‘Age-appropriate’ chore list that says two-year-olds should set the table divides parents

Laura Hampson
·3 min read
What age should children start chores? (Getty)
What age should children start chores? (stock, Getty)

What chores were you assigned as a kid? Perhaps you would help your parents with the cooking or, as you got older, you might have mowed the lawn or washed the dishes each night.

One list of chores that has been widely shared on social media says that kids aged as young as two should be throwing the trash away, setting the table and carrying firewood.

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The ‘age-appropriate’ chore list was first published by parenting blog, Flanders Family in 2013 and suggests different chores that children should be doing at certain ages.

It says kids aged between four and five should be making the bed, watering houseplants and disinfecting doorknobs while six and seven-year-olds should empty the dishwasher, weed the garden and peel vegetables.

The list suggests eight and nine-year-olds should dust furniture, while 10 and 11-year-olds should mow the lawn and deep clean the kitchen.

Facebook users were quick to share their views on the list, with one saying: “My husband doesn’t do 99% of this list, why should my kids?”

Another added: “If the kids are doing all that then what are the parents doing?”

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The list also got some support with one user commenting: “We did these jobs in my house when I was growing up, I think it’s fine and teaches kids how to live in the real world.”

Jennifer Flanders, the blogger behind Flanders Family addressed the divisiveness in a separate blog post in 2018.

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Flanders wrote: “Every January, our website gets a spike in traffic from readers downloading calendars for the New Year or looking for ways to revamp children’s chore assignments.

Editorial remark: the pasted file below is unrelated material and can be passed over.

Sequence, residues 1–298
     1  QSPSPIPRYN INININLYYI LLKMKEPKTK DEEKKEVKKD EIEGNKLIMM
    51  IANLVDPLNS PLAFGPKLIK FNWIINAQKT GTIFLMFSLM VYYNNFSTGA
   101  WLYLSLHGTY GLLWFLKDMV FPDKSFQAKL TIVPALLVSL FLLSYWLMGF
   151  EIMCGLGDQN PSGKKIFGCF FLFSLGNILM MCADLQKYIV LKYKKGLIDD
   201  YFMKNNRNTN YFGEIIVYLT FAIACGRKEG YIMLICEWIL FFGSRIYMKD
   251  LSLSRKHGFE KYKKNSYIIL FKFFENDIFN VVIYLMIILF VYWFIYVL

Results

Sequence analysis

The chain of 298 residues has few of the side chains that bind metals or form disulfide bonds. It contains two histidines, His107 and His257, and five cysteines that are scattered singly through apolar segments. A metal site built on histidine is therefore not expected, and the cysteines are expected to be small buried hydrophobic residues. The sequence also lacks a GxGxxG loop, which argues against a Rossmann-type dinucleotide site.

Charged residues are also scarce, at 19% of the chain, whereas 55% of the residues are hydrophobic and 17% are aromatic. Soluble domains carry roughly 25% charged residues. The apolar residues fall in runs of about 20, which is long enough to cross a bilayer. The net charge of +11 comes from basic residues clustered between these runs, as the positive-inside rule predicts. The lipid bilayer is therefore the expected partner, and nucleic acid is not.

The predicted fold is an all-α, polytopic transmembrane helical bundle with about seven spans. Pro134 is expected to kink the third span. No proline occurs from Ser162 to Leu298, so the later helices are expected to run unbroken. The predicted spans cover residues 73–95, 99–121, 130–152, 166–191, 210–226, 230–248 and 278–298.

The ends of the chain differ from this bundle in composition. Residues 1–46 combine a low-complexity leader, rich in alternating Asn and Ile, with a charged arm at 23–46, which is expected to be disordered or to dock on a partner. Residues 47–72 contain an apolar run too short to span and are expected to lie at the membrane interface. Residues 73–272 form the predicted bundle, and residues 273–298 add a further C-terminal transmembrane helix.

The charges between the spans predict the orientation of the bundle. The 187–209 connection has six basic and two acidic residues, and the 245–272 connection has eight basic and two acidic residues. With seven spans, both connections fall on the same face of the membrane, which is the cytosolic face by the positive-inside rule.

“Just last week, when the garbage disposal under my kitchen sink sprang a leak, one of our very capable, chore-loving sons offered to install a new one for me. It works like a charm. My son did a much cleaner, neater, more conscientious job with his installation than the ‘professionals’ had done on the unit he was replacing. That’s precisely the kind of confidence and initiative having regular chores from a young age inspires. You can call it slavery if you want. I call it empowerment.”

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Pathways, which offer free online resources for a child’s development, says: “Kids can start taking on household chores and small tasks as early as two years old. There are so many chores a child can do to help them reach their next milestone. Depending on their age, these tasks range from cleaning up toys to putting on pyjamas.

“Keep in mind, your child won’t know how to do all of these chores right away, so a little guidance is necessary. Having your child complete these tasks in their early years will help with their overall development in the long run.”

However, the list of chores Pathway mentions is slightly more kid centric - it says two and three-year-olds should be sorting their clothes by colour and doing copycat ‘housework’ with a small broom or toy vacuum.

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